World | Pakistan

Treason case filed against Veena Malek

Petitioner moves Sindh High Court to declare the actress a traitor for using ISI tattoo

  • By Mohammad Ashraf, Correspondent
  • Published: 00:00 December 8, 2011
  • Gulf News

A copy of the December edition of FHM India is on display at a magazine store in Bangalore
  • Image Credit: AP
  • A copy of the December edition of FHM India, a lifestyle magazine featuring Pakistani actress Veena Malek on cover with ISI tattooed on her left arm, is on display at a magazine store in Bangalore, India. Sindh High Court Wednesday admitted a petition against Veena Malek for being a traitor after her nude photo appeared with her arm tattooed ‘ISI' on the cover of a magazine in India
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Karachi: Sindh High Court yesterday admitted a petition against Veena Malek for being a traitor after her nude photo appeared with her arm tattooed ‘ISI' on the cover of a magazine in India.

Malek, a controversial Pakistani actress, got a blitz of media and social attention after she was featured on the cover of FHM, a men's magazine.

Besides posing nude, she also got her arm tattooed with the word ISI, the abbreviation of Pakistan's Inter-Services Intelligence service, provoking a large segment of society.

"This is her personal matter to be shot nude but getting her arm written with ISI is definitely an act of a traitor," Muzaffar Askari, the petitioner said.

The court has fixed Saturday for hearing the petition.

"She has desecrated our national institution which is responsible for the security of the country," Askari, who is a reporter of an eveninger said.

Besides, Malek, Kabeer Sharma, the editor of the magazine, has also been named in the petition.

Both the religious and secular sections of the society took exception to the publication of Malek's picture on the Indian magazine cover.

Pakistani media too have created much hype over the controversial picture.

Many private TV channels broadcast it as a breaking news and kept carrying it in their headlines and main bulletins. Beepers of prominent media persons and analysts from both the countries followed the event.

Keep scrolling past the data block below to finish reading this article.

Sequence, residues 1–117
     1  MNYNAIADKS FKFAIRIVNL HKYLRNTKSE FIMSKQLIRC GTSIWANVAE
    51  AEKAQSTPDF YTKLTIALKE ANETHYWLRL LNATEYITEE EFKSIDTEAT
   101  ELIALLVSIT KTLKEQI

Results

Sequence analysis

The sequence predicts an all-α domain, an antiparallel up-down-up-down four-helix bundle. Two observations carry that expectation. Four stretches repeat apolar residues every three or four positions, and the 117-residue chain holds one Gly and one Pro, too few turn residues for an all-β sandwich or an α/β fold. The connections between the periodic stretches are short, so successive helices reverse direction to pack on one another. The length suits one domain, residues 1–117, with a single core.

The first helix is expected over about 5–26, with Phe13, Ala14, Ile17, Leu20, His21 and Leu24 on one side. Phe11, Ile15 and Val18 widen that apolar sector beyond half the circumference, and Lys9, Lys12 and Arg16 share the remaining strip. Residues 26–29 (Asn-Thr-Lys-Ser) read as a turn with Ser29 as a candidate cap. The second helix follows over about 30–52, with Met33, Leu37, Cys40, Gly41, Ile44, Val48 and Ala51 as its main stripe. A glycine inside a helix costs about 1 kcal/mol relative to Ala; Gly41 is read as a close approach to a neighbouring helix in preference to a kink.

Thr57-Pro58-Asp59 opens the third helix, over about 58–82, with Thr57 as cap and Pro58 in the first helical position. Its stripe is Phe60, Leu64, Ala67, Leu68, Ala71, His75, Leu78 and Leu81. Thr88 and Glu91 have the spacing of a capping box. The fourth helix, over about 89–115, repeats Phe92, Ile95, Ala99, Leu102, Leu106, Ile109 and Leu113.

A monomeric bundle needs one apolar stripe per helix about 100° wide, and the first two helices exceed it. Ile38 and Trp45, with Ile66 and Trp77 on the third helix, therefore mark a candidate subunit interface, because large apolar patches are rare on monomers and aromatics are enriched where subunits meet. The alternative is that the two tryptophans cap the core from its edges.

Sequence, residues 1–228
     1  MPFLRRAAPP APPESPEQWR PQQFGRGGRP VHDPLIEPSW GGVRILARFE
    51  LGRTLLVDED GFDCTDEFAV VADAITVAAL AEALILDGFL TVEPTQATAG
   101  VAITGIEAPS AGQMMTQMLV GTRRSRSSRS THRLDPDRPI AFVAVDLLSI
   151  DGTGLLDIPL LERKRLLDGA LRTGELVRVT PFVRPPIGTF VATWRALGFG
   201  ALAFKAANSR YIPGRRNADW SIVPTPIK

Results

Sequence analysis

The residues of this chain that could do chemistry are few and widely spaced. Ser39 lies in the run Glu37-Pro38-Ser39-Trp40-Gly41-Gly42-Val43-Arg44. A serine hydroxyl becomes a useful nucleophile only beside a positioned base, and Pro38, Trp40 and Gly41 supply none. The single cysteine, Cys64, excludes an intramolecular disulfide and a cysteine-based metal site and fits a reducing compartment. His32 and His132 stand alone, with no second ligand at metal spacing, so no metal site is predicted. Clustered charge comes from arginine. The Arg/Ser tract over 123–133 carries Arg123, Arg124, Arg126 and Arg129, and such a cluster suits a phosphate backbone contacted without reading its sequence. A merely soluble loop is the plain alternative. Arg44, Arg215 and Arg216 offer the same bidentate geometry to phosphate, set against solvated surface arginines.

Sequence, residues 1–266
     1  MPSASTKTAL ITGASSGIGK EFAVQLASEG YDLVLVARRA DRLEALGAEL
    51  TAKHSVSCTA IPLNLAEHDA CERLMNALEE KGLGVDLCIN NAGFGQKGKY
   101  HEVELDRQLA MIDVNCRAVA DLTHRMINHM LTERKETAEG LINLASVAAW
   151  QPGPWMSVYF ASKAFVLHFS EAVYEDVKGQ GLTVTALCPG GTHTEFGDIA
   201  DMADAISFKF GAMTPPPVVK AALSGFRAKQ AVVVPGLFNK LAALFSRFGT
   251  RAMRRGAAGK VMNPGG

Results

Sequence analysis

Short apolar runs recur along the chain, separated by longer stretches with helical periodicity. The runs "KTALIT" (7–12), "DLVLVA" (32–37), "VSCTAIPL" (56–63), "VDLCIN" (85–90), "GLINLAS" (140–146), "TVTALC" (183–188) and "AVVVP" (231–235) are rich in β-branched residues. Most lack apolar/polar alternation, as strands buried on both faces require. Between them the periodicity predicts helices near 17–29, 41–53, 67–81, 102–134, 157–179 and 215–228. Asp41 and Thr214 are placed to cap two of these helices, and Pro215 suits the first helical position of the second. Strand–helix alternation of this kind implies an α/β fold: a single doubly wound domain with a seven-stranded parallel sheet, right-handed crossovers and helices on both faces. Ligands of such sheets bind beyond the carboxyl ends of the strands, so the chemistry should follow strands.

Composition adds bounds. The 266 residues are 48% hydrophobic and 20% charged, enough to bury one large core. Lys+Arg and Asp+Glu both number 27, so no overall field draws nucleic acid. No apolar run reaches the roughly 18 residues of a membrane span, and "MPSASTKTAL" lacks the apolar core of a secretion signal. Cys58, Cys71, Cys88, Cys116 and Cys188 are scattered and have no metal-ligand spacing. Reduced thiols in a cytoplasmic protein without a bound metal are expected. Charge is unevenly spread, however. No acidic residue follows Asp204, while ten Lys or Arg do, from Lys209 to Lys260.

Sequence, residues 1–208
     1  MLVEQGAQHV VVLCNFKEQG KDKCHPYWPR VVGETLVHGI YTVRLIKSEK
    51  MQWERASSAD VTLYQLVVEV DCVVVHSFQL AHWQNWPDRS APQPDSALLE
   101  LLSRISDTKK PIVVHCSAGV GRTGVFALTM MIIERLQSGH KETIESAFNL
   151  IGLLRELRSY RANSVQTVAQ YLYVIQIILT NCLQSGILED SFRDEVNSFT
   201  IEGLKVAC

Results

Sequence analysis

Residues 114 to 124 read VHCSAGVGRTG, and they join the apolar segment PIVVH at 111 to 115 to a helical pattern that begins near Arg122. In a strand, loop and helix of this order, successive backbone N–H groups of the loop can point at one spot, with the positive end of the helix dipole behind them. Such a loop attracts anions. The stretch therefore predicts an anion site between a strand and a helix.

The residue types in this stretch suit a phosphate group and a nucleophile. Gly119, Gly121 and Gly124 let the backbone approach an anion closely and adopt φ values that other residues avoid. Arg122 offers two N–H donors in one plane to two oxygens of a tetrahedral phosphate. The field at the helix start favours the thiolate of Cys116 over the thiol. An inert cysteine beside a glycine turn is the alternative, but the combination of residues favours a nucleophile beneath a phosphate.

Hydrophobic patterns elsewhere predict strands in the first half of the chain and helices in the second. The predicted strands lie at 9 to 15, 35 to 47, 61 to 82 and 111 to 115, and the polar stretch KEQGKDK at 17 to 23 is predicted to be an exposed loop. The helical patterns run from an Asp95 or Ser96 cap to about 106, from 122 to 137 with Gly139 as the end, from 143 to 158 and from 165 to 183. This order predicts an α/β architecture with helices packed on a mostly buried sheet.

"This is a fact that she is a flopped actress having no films in hand for many years," said Rana Aqeel, head of entertainment department of Geo TV, the largest Pakistani channel.

But it was not Malek but her act which mattered.

"She is a failure yes but there is no doubt that the local media gave Malek a full blown coverage. She was the hot-cake because she knows the art of how to sell herself," Aqeel remarked.

Religious circles were so angry that many clerics even refused to talk about her.

"Had it been a truly Islamic country, she would be sternly punished according to Sharia [Islamic laws]," said Mufti Usman Yar.

The cleric believed it not only distorted the Muslim ethics but also brought a bad name to the national honour and dignity.

"She has torn apart our national identity and it is certainly an indelible mark on our national character," the Mufti said.

People from different walk of life also deplored Malek's act.

"We are a Muslim country and even if we are not, our eastern culture calls for the sanctity of women and even by all social standards of South Asian culutre, it is not acceptable at all," Laila Umar, a 36-year-old housewife said.

Some believe deploring the Malek picture was a hypocratic act of the society. "She definitely did a bad thing in terms of our social and other laws," said Javedur Rahman, a 32-year public relations executive.

"But I feel compelled to disapprove it because of the social and religious pressures; otherwise, I desire to see such things," Rahman said.

"We all do but we don't dare to say that."

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